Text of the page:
To repeat from Baz Dreisinger’s “Incarceration Nation” in our February 25 posting “’Prison industry’ talking points”, when writing about prisons, “….if any other system had a 60 percent failure rate – that’s the U.S. recidivism rate, and in much of the world the numbers don’t look much better – we’d dismantle that system right away and go right back to the drawing board.”

So, just when will the service agencies in this country with “Correctional” in their names become ‘correctional’ services for all of us? Just when will we get that programming can be stacked to the ceilings, but that doesn’t necessarily translate into some measure of success? The statistics challenge the efficacy of what we do now. Just when will the voices of inmates, the ‘customers’ of our prisons and jails, be included in the conversation?

We endorse the progressive and restorative policies in some other jurisdictions that are rejected here so often as a matter of course. We frequently suggest that Correctional Service Canada’s management be replaced, and not by second-stringers already in the Service, but by outsiders where best practices make for lower recidivism and safer communities.

Don Head, the long-time commissioner of our federal prisons, and his team might work out in another government agency. How about the Conflict of Interest & Ethics Commissioner’s office?

This is but another reminder that reform is overdue, and the call for change must be kept on the front burner.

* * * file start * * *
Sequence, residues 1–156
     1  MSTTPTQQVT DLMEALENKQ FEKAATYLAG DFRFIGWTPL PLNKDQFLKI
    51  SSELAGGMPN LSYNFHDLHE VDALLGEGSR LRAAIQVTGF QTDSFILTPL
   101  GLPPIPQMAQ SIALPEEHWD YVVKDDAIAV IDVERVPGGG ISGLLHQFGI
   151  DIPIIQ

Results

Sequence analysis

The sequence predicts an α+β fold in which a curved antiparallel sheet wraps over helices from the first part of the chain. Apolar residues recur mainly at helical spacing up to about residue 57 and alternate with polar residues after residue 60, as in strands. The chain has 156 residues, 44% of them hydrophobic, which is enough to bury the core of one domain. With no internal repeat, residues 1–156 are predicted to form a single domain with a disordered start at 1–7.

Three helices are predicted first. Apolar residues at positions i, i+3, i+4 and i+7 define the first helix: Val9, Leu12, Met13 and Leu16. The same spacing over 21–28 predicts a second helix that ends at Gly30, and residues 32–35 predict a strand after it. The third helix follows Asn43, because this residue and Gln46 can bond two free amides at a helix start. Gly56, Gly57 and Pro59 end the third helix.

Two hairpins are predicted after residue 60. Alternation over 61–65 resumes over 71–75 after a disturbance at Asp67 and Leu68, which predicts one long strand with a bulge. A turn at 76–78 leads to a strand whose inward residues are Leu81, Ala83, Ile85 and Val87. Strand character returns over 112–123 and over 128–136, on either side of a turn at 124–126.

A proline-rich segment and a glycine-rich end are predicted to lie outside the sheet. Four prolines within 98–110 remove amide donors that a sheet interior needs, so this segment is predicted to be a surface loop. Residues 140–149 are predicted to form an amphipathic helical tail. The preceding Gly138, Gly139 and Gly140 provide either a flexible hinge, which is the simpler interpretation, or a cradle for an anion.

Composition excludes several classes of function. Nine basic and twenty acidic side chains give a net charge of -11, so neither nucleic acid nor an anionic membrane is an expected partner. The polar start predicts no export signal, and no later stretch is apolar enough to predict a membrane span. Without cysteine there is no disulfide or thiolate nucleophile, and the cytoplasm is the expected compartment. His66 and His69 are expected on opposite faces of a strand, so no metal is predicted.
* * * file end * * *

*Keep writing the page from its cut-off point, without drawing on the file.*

Soleiman Faqiri & burying the truth

The Toronto Star’s Tuesday, May 15 front page featured staff reporter Fatima Syed’s “Correctional ministry won’t release video of inmate’s last hours.” Ms Syed has been following the Faqari family’s patience and forbearance as it struggles for answers, for accountability, and for transparency. So far, it has nothing……only a grave to visit.

Soleiman Faqiri died at the Central East Correctional Centre in Lindsay in December of 2016 after a three-hour confrontation with guards. The Ontario Ministry of Community Safety and Correctional Services is keeping video of his last hours secret from the public and the man’s family.

We’ve previously published a few postings on this man’s death at the hands of provincial jail guards, the last on February 18, “Soleiman Faqiri-another comeback.”

MCCS cites section 65(6) of Ontario’s privacy law, which refers to labour relations. Experts in the field suggest the application of that section is ‘hokum’, in so many words, and is really a ploy to protect the identities of correctional officers who appear in the video.

Lawyers with a history of attempts to shake information out of MCCS claim secrecy is “part of the ministry’s MO”, as one put it. Another, familiar with privacy law, agrees the secrecy “is concerning because of vast potential to cover up serious misconduct in Ontario jails.”

May 24, 2018

Sam Erry, Deputy Minister of Correctional Services,
Ministry of Community Safety & Correctional Services,
18th Floor, 25 Grosvenor Street,
Toronto, ON M7A 1Y6

Re: Soleiman Faqiri

Dear Deputy Minister Erry:

We know that Soleiman Faqiri was alive on the afternoon of December 15, 2016, at the Central East Correctional Centre in Lindsay.

We know that he was dead by the end of the day.

We know his only contact in his final hours was with an army of correctional officers.

We know he had 50 injuries to his body and asphyxia was the cause of death.

We know your ministry says it hasn’t any idea how all that happened.

We know Faqiri didn’t commit suicide.

We now know you’re hiding the video of his last hours from his family and the public.

We know your ministry’s refusal to ‘come clean’ stinks of obstruction.

We hope the settlement is painful.


Charles H. Klassen

Remember, these are our civil servants. Does your behind ache?